'A killer storm but no one warned us'
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Hao Tianqiao considers himself lucky to have escaped with his life from the heaviest rainstorm to hit the capital in decades.
'We heard there was going to be rain, but we had no idea it could rain so heavily or cause so much damage,' said the 45-year-old farmer from a village in the Fangshan district of Beijing.
The mountainous area received as much as 46cm of rain and bore the brunt of the storm that inundated the city at the weekend with downpours lasting for 16 hours.
As the city continues to recover from devastating floods, Hao and many other villagers are most bitter about the lack of warning given before the storm.
'I barely survived the worst rainstorm I've ever seen, and I've suffered huge economic losses,' he said. 'I really don't understand why the authorities failed to alert us and organise an evacuation like they once did a few years ago.'
When the flash flood hit at about 4pm on Saturday, Hao and his wife had barely enough time to seek shelter at a friend's house in the hills, where he watched his home and nearly all of his belongings, including his car, being swept away by floodwaters.
A 75-year-old woman also lamented that local cadres did not warn them about the impending flood as they normally do.
As of yesterday - four days after the start of the worst storm since records were kept in 1951 - the extent of the devastation had yet to be fully revealed, as Xinhua reported that officials were still tallying the number of dead and identifying remains in the mountainous area.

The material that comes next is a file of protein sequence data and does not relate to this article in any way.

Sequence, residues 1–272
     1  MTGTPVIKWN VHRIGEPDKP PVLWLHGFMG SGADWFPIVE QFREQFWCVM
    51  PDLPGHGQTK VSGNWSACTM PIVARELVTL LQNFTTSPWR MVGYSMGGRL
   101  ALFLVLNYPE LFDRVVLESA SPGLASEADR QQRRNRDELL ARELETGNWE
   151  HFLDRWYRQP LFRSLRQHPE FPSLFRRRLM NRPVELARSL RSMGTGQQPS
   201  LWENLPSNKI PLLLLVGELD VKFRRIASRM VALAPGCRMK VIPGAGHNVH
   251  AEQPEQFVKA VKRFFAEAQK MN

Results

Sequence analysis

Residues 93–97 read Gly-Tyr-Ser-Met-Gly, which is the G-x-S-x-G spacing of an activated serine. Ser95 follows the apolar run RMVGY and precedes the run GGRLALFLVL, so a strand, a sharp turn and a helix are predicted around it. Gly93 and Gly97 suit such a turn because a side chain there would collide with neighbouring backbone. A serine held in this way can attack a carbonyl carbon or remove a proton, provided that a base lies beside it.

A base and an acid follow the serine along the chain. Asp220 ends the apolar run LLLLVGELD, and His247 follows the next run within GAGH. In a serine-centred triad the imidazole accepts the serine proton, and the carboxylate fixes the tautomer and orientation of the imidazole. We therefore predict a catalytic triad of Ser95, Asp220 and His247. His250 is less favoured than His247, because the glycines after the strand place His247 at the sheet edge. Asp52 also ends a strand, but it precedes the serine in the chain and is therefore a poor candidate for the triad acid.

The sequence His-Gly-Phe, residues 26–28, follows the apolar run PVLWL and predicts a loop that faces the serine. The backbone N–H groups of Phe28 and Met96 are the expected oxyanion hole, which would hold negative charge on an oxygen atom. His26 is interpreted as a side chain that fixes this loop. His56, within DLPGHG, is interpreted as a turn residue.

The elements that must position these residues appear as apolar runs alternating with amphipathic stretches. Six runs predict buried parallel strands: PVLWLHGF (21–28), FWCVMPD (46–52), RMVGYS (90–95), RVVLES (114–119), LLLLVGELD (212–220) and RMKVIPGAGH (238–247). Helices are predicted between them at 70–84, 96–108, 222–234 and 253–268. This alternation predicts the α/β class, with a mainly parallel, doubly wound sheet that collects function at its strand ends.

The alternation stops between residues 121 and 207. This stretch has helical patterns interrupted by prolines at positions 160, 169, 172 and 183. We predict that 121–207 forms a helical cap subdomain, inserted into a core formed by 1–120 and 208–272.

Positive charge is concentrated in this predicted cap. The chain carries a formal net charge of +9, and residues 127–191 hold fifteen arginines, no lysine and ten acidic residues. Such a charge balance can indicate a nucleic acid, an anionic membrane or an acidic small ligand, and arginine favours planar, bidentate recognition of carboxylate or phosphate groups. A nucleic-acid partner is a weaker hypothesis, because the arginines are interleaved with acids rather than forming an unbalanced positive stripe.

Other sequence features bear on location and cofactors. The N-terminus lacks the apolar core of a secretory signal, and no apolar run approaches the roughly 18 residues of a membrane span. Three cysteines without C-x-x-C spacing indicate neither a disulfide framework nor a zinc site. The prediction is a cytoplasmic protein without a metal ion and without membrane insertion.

Meanwhile, the official death toll of 37 had not been updated since Sunday, despite fresh reports of more bodies found and rife online rumours about the toll. Caixin Media reported online that at least 10 more bodies were found in Fangshan this week.
Compounding the dire situation, meteorologists issued a fresh warning yesterday morning about another rainstorm that was expected last night. This prompted wary officials and residents to take precautions. Although the expected rain was considerably less than the recent deluge, the meteorologists warned that it could put flood-hit areas at greater risk of landslides.
The rumours prompted censors to take action, deleting online speculation about deaths, criticism of the authorities and even general accounts of the storm. Other comments included questions about the city's disaster-response system and notoriously reckless expansion efforts.
Even some officials admitted that the government had moved too slowly in addressing the widespread criticism, especially the lack of an updated death toll.
Wang Hui, head of the municipal government's press office, was quoted by Qianlong.com as saying that, because of Beijing's size, 'it is definitely not easy to govern'.
However, Wang was defensive about the government's issuance of storm warnings and its rescue operations. 'After battling the Sars outbreak [in 2003], the municipal government knows all too well about the importance of transparency, and I don't think the government will cover up the real death toll,' she said.
Wang confirmed that more bodies had been found but said the delay in updating the toll was because of difficulties in identifying the bodies.
Fangshan district government head Qi Hong also confirmed that the local authorities were revising the death toll.
Speaking on state television late on Tuesday, Qi said Saturday's storm destroyed 8,200 homes and more than 50 bridges, and caused estimated losses of 5 billion yuan (HK$6.07 billion) in Fangshan alone. He said the death toll and losses were significant and were being tallied.